In 1660 his daughter Suzanna married her cousin, Philips Doublet, son of Huygens' sister Geertruijd. In 1661, a grandfather by now, Huygens was sent to France by the circle of tutors of William III, to recover possession of the county of Orange. The county was returned to the family of Orange-Nassau in 1665 and Huygens returned to the Netherlands.
On his return, Huygens designed the new sand road in The Hague, running through the dunes to Scheveningen. He had already planned this road in 1653, and wrote about it in his work the Zee-straet. The road was made according to Huygens' design.
In 1667 the States of Holland abolished the stadtholdership with an Eternal Edict, a solution which Huygens did not favor. In the next year, William III was created the First Noble in the Provincial States of Zeeland.
The year 1672 was an Annus horribilis for the Netherlands. From the south, the states were attacked by the French king, who managed to penetrate to Utrecht where he was stopped by The Dutch Water Line. From sea, England and France attacked, but were stopped by the fleet of Holland. And from the east, the Bishop of Münster attacked the Northeast and besieged the city of Groningen in the summer.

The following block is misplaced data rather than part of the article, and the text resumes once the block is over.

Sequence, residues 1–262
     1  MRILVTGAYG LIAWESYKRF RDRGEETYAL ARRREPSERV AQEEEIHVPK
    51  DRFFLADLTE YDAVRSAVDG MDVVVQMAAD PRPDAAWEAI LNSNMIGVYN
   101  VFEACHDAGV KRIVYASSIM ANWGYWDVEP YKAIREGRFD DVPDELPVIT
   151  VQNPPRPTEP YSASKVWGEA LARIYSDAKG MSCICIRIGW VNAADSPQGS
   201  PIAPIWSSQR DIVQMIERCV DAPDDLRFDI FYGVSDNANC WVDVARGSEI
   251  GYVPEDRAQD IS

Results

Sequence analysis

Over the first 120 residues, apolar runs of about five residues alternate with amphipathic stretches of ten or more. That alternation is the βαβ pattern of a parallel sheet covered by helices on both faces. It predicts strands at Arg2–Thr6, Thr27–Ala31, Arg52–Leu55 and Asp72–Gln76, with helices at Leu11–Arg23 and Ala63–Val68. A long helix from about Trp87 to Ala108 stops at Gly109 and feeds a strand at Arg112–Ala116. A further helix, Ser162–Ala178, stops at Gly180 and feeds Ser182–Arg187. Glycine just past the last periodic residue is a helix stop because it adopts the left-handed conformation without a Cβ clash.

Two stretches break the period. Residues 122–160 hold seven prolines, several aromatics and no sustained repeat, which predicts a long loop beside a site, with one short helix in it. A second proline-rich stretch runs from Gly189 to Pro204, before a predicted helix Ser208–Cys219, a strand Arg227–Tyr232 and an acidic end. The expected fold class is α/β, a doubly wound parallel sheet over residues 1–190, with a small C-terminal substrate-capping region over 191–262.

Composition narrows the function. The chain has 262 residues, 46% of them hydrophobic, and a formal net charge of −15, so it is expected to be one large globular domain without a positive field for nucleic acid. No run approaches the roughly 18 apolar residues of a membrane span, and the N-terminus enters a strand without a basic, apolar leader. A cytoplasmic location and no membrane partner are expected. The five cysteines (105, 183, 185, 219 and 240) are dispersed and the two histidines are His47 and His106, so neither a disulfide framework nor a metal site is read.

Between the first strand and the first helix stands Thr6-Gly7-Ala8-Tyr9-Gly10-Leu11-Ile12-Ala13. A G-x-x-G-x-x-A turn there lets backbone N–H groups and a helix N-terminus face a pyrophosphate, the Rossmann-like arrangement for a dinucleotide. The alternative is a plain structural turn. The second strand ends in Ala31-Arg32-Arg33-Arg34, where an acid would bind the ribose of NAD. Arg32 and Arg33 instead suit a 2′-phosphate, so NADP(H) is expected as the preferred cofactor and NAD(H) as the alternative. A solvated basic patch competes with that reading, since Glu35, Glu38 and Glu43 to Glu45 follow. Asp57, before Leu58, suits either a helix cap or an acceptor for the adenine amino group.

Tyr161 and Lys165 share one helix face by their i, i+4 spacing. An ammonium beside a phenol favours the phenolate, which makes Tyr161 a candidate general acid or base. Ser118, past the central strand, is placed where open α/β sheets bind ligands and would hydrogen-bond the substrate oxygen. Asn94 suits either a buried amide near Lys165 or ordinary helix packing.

Under the guidance of the Prince of Orange, the enemies were dissipated in two years. The jobless sons of Huygens now had the chance of obtaining positions. Constantijn Jr. was appointed as a secretary of William III and Lodewijk was appointed as Landdrost of Gorcum, but he was accused in 1676 of exactions. During the this year the second edition of the Koren-bloemen appeared, a collected work containing 27 books. New in this edition were the Zee-straet, the Mengelingh (a section of serious poems written after 1657) and seven books with snel-dichten (quick poems). As he was older now, Huygens found refuge in music. He wrote around 769 compositions during in his life.
In 1676 Michiel de Ruyter dies. In March 1677 his embalmed body was added to a grave in the Nieuwe Kerk (Amsterdam). Huygens was present as a president of the princely field Council and as representative of the House of Orange. In that same year William III married Mary II of England, daughter of the Duke of York.
In 1680 Constantijn Jr. moved with his family out of the house of his father. To stop the gossiping which started shortly afterwards, Huygens write the poem Cluijs-werck, in which he shows a glimpse of the latter stages of his life.
Constantijn Huygens died on Good Friday, March 28, 1687 at the age of 90. A week later he was buried in the Grote Kerk in the Hague.